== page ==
We also live in a world with much more toxins and pollution, our body organs and systems have to work a lot harder to rid the exponentially increased waste and toxins.

Detoxification is a “cleansing” of the body – to release toxins – and depending on the method behind the detox, results vary. Methodologies vary widely – from juice fasts to supplements to only raw foods or fruits. Some encourage chewing; some do not (to “rest” the gastrointestinal tract”).

What Is a Toxin?
Toxins can be small molecules, peptides, or proteins that are capable of causing disease on contact with or absorption by body tissues interacting with biological macromolecules such as enzymes or cellular receptors.

A toxin can create an irritating or harmful effect on your body; it becomes toxic when your body cannot effectively eliminate this toxin.

You may be surprised at the toxins we are in contact with every day – pollutants, smoke, pesticides, fertilizer, plastics, petrochemicals, and even pool water. We also are not fully informed of the toxins that exist in the process (chemically altered) food we eat. These affect all of us!

We all experience external and internal toxins through the air we breathe, the water we drink, the things we touch, the food we eat – not to mention the stress we experience. Over time, toxins can build up and overwhelm the body, weakening the immune system and leading to:

Poor Digestion
Skin Breakouts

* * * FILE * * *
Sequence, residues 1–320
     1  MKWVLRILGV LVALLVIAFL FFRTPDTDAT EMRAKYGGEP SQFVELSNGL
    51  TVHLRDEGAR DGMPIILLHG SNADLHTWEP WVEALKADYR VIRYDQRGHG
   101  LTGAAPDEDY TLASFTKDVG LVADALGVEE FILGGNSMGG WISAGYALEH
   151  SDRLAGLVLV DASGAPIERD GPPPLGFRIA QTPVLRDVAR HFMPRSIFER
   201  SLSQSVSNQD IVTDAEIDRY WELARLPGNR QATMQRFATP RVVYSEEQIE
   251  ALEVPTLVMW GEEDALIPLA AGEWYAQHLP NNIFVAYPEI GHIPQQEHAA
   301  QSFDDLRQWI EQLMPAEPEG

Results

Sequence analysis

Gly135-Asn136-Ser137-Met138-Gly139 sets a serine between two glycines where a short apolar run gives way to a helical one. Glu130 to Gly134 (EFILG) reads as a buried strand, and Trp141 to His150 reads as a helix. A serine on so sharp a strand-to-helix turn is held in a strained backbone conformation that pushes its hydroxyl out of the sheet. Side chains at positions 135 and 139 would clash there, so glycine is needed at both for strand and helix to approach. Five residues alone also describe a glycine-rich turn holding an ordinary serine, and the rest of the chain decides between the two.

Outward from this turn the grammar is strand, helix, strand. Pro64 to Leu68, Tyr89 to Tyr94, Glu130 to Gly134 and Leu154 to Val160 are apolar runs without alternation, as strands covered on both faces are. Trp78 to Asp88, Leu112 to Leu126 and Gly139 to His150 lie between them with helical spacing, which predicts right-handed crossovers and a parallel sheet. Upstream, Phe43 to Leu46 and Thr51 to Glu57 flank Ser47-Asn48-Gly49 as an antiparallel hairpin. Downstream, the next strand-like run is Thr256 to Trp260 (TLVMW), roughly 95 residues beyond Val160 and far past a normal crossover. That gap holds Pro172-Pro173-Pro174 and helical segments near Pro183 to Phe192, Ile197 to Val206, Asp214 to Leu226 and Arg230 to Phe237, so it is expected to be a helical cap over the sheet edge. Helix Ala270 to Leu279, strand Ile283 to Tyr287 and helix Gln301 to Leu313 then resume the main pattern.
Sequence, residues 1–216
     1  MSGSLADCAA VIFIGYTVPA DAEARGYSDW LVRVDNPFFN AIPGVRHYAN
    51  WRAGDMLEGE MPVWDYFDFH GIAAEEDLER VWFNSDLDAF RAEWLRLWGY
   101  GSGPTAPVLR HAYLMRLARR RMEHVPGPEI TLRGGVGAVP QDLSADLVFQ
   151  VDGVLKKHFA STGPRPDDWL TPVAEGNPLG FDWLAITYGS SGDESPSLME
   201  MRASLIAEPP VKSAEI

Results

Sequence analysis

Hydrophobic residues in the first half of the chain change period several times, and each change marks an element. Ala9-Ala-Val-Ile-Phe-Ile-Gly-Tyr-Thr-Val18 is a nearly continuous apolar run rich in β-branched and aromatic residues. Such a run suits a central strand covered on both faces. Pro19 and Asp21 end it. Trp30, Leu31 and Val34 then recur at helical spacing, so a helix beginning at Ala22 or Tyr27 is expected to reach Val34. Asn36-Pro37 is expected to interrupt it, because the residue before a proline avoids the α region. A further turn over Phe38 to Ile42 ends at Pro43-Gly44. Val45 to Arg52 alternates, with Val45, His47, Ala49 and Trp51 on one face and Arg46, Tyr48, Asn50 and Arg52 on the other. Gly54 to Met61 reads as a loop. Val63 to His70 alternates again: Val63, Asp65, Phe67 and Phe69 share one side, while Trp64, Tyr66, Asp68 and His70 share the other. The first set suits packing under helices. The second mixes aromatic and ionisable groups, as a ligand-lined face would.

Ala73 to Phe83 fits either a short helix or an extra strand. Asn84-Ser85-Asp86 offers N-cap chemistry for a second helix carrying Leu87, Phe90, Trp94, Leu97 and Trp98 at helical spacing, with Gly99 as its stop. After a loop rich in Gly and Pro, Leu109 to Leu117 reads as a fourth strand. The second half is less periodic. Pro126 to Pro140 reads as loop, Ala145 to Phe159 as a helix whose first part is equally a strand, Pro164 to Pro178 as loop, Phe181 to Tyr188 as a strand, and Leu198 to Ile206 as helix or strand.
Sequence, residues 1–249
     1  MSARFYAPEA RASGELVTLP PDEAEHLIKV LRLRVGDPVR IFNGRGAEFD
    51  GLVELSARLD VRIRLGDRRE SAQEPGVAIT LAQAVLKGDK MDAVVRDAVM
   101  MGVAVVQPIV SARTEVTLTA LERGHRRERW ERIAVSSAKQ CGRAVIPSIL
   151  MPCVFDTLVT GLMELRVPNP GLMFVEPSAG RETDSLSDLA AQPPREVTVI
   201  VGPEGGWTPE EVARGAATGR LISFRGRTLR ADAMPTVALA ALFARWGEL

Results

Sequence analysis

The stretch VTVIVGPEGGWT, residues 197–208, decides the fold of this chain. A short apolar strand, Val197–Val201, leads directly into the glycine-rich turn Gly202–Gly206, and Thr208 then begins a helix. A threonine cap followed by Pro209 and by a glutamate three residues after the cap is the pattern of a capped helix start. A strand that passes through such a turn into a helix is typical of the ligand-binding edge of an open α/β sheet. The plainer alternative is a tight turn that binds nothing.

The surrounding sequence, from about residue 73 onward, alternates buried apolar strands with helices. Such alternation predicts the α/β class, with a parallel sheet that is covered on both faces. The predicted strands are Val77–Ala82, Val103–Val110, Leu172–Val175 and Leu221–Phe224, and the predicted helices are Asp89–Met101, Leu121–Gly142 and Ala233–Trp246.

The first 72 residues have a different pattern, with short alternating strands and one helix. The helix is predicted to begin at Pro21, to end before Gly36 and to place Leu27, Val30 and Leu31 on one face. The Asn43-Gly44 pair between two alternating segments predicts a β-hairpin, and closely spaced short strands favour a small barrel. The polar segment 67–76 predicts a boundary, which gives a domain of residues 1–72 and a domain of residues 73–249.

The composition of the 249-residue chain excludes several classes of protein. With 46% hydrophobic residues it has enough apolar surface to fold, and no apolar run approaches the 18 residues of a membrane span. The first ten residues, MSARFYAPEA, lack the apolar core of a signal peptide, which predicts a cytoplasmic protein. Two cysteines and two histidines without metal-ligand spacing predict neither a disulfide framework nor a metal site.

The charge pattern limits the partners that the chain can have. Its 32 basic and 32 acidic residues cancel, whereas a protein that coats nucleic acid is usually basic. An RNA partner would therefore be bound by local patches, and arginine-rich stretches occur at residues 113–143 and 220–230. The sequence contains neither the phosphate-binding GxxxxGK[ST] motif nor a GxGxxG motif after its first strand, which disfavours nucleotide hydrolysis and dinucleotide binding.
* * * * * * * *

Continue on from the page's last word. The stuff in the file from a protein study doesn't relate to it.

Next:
Weight Gain
Premature Aging
Note: Children, pregnant or nursing mothers and the elderly should not participate in detoxification programs. There are many detoxing systems and programs out there – it’s always recommended to consult with a physician before doing a detox.

Cons of Detoxing:
Some extreme detoxes cause people to lose weight too quickly, and once the detox is over, the weight returns immediately.

Others lack essential nutrients, and can cause the loss of electrolytes and poor nutrition. Some side effects may include fatigue, headaches, vomiting, or nausea.

Death, possibly from detoxification triggering a heart attack, has been reported for some undergoing intensive detoxification programs. Those fatalities were linked to previous health conditions such as drug abuse and undetected heart problems so it is important to understand that these types of programs should not be taken lightly.

Pros of Detoxing:
Detoxification supports the body’s natural ability to cleanse and restore itself

Improve your immune functions

Scavenge free radicals and eliminate toxins

Strengthen body’s fight against cancer cells and generate healthy cells in your body

Increase energy and Focus

Cleanse mucous, congestion, fermentation, inflammation in our digestive tract

Improving circulation and purification of your blood

Reform your lifestyle addictions for sugar, salt, high glycemic carbohydrates, alcohol, junk foods, nicotine, etc

Doing a Detox once a year or every other year – can enhance the benefits of living a healthy lifestyle and create a better relationship between you and your body – raising your awareness of what you put into your body and what you come into contact with everyday.

Choosing to Detox
When and if you choose to detox, strive to find a plan that will increase elimination from the body, cleanse the colon, enhance circulation to clear toxic substances, yet still provide nutrients to support and protect the liver, the main organ involved in detoxification.

Do your research and pick a program that you know you will be able to follow and that has provided positive results for other people.

Don’t choose a detox created for weight loss. Weight loss is NOT the point of a detox. Resetting your body and removing toxins from your body is the point of a detox.